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Hum Immunol. 2001 Apr;62(4):310-9.

Evidence that Fas-induced apoptosis leads to S phase arrest.

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Department of Microbiology/Immunology, Indianapolis, IN 46202-5200, USA.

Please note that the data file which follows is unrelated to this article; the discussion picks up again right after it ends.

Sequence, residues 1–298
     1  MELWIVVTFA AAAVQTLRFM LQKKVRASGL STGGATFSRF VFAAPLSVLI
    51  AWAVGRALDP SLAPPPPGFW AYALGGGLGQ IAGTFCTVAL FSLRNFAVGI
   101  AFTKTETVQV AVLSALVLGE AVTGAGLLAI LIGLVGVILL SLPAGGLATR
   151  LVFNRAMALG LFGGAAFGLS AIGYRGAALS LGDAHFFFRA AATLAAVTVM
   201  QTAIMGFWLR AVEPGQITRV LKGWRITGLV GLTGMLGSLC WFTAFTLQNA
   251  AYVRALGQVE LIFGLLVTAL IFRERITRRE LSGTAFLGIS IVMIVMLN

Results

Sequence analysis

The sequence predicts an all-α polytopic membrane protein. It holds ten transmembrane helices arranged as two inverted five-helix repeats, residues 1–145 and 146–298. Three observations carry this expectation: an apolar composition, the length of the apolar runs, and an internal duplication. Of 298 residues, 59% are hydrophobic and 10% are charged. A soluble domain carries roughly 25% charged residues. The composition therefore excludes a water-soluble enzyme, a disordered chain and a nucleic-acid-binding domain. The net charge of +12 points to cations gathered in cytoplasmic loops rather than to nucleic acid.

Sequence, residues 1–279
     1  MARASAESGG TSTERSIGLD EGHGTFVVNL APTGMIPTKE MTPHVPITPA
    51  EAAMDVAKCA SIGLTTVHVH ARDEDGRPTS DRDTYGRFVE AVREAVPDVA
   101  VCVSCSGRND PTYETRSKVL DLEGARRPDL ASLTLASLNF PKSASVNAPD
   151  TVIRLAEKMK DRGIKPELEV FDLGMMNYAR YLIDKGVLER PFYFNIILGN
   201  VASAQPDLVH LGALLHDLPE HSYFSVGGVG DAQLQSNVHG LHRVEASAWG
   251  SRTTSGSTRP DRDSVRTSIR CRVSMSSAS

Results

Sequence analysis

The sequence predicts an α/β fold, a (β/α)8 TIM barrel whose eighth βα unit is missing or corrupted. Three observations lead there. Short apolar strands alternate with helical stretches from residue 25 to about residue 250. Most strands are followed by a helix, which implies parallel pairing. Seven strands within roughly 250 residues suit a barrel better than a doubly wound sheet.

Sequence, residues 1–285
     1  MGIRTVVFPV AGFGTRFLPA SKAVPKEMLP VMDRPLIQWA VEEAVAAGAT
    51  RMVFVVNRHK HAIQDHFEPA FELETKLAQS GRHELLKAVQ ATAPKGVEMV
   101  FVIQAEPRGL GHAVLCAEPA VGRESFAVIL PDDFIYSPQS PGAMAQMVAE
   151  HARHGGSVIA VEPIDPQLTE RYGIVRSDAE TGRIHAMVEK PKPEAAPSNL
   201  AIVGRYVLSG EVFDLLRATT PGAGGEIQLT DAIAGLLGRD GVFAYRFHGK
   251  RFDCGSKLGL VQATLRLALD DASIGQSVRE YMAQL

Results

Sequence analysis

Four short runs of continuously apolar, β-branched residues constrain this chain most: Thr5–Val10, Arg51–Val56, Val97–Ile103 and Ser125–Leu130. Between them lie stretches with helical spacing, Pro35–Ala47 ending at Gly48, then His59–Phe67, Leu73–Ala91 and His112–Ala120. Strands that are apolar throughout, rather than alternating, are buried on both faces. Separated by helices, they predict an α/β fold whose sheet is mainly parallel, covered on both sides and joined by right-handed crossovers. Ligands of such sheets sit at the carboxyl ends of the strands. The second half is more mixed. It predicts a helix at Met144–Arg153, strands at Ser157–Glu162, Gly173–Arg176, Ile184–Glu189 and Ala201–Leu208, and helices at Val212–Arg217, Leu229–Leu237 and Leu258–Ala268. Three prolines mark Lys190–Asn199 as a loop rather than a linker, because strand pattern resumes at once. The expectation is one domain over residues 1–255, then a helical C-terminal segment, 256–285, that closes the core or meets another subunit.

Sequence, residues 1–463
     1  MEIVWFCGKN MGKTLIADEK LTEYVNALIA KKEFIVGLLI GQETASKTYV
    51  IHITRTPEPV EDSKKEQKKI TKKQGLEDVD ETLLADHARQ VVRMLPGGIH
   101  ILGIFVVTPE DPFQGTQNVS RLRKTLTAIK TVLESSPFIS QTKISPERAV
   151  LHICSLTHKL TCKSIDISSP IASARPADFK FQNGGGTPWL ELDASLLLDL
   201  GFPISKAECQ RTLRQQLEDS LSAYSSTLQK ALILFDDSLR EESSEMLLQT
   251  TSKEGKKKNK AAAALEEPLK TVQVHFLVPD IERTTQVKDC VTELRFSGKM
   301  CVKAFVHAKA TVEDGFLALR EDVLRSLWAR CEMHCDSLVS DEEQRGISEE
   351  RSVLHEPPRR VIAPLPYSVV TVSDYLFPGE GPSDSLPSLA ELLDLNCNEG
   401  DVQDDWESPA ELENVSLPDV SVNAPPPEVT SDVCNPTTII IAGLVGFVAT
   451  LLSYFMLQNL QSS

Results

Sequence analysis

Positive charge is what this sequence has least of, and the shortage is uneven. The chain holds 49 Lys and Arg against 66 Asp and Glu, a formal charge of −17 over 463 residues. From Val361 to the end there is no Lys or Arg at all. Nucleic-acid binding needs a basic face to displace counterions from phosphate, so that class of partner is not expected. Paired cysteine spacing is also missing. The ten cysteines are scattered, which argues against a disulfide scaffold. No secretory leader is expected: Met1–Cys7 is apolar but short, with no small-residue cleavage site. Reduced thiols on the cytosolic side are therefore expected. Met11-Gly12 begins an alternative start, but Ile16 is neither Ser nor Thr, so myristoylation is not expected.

Cell death by apoptosis is an efficient mechanism of eliminating unwanted or aberrant cells. Triggering of Fas, a member of the tumor necrosis factor (TNF) receptor superfamily, by anti-Fas antibodies or by the Fas ligand (FasL), has been shown to cause cell death by apoptosis. A recent study from our laboratory has demonstrated that Fas crosslinking leads to the dephosphorylation of the tumor suppressor retinoblastoma protein (Rb) and that this dephosphorylation is inhibited by calyculin A, a serine/threonine phosphatase inhibitor. In this investigation, we compared the effect of Fas crosslinking by CH11, an anti-Fas mAb, with two cyclin-dependent kinase (CDK) inhibitors, a peptide that specifically inhibits CDK2 (cdk2 inh) and roscovitine, which inhibits CDK2, CDC2, and CDK5. We illustrate that roscovitine induced DNA fragmentation, whereas cdk2 inh did not. In contrast to Fas-induced apoptosis, roscovitine-induced apoptosis was resistant to calyculin A. Both cdk2 inh and roscovitine induced cleavage of poly (ADP-ribose) polymerase (PARP) within 2 h. Roscovitine, however, led to the degradation of Rb, whereas cdk2 inh did not. Furthermore, both CH11 and roscovitine caused cell cycle arrest in S phase. In contrast, cdk2 inh did not have any effect on Jurkat cell cycle progression. Taken together, our results strongly suggest that the maintenance of Rb in its hyperphosphorylated form during S phase may be necessary for cell survival and that Rb dephosphorylation during S phase may constitute a crucial step in Fas-induced apoptosis.

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